Astrid Salinger is a junior at the School of Inquiry & Life Sciences at Asheville, aka SILSA. But you’d never be able to guess her youth based on her paintings alone.
Consider Enigmatic Berry. Employing a masterful style that toes the line between surrealism and High Renaissance classicism, Salinger depicts a forlorn flapper whose salt-and-pepper hair is sprouting fruit. With delicate fingers, the dame tugs at a blood-red berry, already grieving her imminent loss.
“She gives too much to others,” Salinger tells Asheville Made. “She’s picking berries from her hair, taking everything from herself.”
The teen’s precociousness hasn’t gone unnoticed. In 2022, Enigmatic Berry took home a Gold Key—the highest honor—during the WNC Regional Scholastic Art Awards. “It was the first time someone had truly seen my art,” says Salinger. “Winning was a big deal for me.” Salinger credits her art teachers at SILSA and also private study with local Irish painter Elizabeth Porritt Carrington, who mentored the evolution of Salinger’s winning work. “I asked her to make a piece influenced by some of the contemporary painters and illustrators we were looking at together in the studio,” says Carrington. “What emerged was Enigmatic Berry, and [that was] the point in which I understood just how fun working with Astrid was going to be. So full of sadness though poised in beauty and fruitful hope, [the work] is a perfect example of how sophisticated her skills are … the magic of her gift.”
Hosted by Asheville Art Museum with support from the Asheville Area Section of the American Institute of Architects, the WNC Regional Scholastic Art Awards is an annual competition that invites students in grades seven to 12 to submit their work for review.
Each year, the program sees between 500 and 1,000 submissions from across the 20-county region, which is bound loosely by Andrews to the west and Morganton to the east. These creative pieces span a range of mediums—from cartoon to jewelry to photography—and are judged blindly by a trio of community members.
“For the judges, we try to select local artists or people who have a history of working with youth,” says Susan Hendley, school and teachers programs manager at the museum.
This year’s panel, Hendley notes, consisted of Kelly Hider, youth-education programs manager at the Arrowmont School of Arts and Crafts; Lei Han, a museum board member and art professor at UNCA; and Alexandria Ravenel, co-founder of Noir Collective AVL.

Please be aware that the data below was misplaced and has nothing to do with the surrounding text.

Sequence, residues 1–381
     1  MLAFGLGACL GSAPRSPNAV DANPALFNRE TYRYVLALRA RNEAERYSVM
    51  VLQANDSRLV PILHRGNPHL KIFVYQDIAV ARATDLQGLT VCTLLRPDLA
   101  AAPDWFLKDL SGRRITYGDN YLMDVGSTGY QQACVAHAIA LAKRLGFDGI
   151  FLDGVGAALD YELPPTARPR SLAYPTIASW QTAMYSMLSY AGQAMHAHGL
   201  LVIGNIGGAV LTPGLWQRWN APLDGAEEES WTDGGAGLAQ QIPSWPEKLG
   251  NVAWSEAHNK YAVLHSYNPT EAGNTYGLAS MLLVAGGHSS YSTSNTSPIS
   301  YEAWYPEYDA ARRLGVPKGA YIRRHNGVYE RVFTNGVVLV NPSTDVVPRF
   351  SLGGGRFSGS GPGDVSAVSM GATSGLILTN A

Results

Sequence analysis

Together, the three judged student submissions based on originality, skill, and “emergence of a personal voice or vision.” The winners were then announced during a virtual awards ceremony late last month.
Dozens of students walked away with Honorable Mentions and Silver Keys. However, only five were awarded the much-coveted Gold Key. These aspiring creatives will move on to compete in the national Scholastic Art Awards, a prestigious program now in its 100th year.
Anna Christensen, a senior at Robert L. Patton High School in Morganton, is one of the five teens headed to the country-wide competition in New York City. Her work, Cleanse and Release, is an emotionally charged piece of digital art that depicts a woman washing homophobic insults off her body. Christensen says she took inspiration from the negative response she received on social media after coming out.
“I felt like the opinions and disgust directed towards me had become a part of my identity—a layer of shame,” she says. “I let the creative process be a symbolic release of negativity. I washed it all away.”
Eliza Conard, a homeschooled freshman in Hendersonville, will also be moving forward. Her sculpture, King of the Lake, features intricately detailed and convincingly lifelike renditions of aquatic fauna. “When I was little, my family would always go to Lake Hartwell to look at the wildlife,” Conard explains. “I remember it being so much fun.”
Though Conard is only in the ninth grade, she sees the Scholastic Art Awards as a stepping stone — a way to refine her resume and secure a spot in a summer art program. “Then, when I graduate, I want to go to art school on a scholarship,” she says.
According to Kristina Shriver, an art teacher at Asheville High School, which houses SILSA, hopes like these aren’t at all far-fetched. In her 14 years of teaching, Shriver has watched several talented students go on to win national awards as well as scholarships. (Salinger, for instance, was offered a scholarship to attend a summer program at the Savannah College of Art and Design not long after taking home a Gold Key.)
“The most inspiring thing is the variety of creative fields these students pursue post-high school,” says Shriver. “Some former winners are now tattoo artists, professional photographers for fashion magazines, and even successful engineers and architects.”
Salinger isn’t exactly sure what she’ll become. She’s still a kid, after all. But seeing her work displayed at Asheville Art Museum—an honor bestowed upon all regional winners — made her more confident that art is the right path.
“Being featured in the museum was such a cool experience. I never thought that would happen for me,” says Salinger. “I know now that I definitely want to pursue art as a career.”
The 2023 Regional Scholastic Art Awards Exhibition runs through Monday, March 6, at Asheville Art Museum (2 South Pack Square, Asheville, ashevilleart.org).